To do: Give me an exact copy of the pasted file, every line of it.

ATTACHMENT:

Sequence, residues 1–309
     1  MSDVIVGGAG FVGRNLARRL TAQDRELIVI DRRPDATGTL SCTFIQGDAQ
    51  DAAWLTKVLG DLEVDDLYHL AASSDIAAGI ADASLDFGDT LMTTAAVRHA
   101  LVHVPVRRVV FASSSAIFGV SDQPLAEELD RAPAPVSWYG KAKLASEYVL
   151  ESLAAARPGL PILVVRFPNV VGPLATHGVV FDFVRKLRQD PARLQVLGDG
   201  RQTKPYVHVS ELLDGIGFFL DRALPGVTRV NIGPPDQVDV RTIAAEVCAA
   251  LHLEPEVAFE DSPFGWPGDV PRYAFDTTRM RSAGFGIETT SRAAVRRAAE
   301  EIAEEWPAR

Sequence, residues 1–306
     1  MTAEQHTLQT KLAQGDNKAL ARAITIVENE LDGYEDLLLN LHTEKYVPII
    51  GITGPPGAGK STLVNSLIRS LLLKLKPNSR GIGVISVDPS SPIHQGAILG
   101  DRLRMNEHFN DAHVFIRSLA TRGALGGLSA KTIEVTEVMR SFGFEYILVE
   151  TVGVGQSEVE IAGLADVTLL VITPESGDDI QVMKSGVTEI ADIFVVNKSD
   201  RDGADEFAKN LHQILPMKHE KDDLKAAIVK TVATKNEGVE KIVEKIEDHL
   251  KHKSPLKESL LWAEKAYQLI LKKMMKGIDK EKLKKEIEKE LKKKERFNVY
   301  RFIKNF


Sequence, residues 1–309
     1  MSDVIVGGAG FVGRNLARRL TAQDRELIVI DRRPDATGTL SCTFIQGDAQ
    51  DAAWLTKVLG DLEVDDLYHL AASSDIAAGI ADASLDFGDT LMTTAAVRHA
   101  LVHVPVRRVV FASSSAIFGV SDQPLAEELD RAPAPVSWYG KAKLASEYVL
   151  ESLAAARPGL PILVVRFPNV VGPLATHGVV FDFVRKLRQD PARLQVLGDG
   201  RQTKPYVHVS ELLDGIGFFL DRALPGVTRV NIGPPDQVDV RTIAAEVCAA
   251  LHLEPEVAFE DSPFGWPGDV PRYAFDTTRM RSAGFGIETT SRAAVRRAAE
   301  EIAEEWPAR

Sequence, residues 1–306
     1  MTAEQHTLQT KLAQGDNKAL ARAITIVENE LDGYEDLLLN LHTEKYVPII
    51  GITGPPGAGK STLVNSLIRS LLLKLKPNSR GIGVISVDPS SPIHQGAILG
   101  DRLRMNEHFN DAHVFIRSLA TRGALGGLSA KTIEVTEVMR SFGFEYILVE
   151  TVGVGQSEVE IAGLADVTLL VITPESGDDI QVMKSGVTEI ADIFVVNKSD
   201  RDGADEFAKN LHQILPMKHE KDDLKAAIVK TVATKNEGVE KIVEKIEDHL
   251  KHKSPLKESL LWAEKAYQLI LKKMMKGIDK EKLKKEIEKE LKKKERFNVY
   301  RFIKNF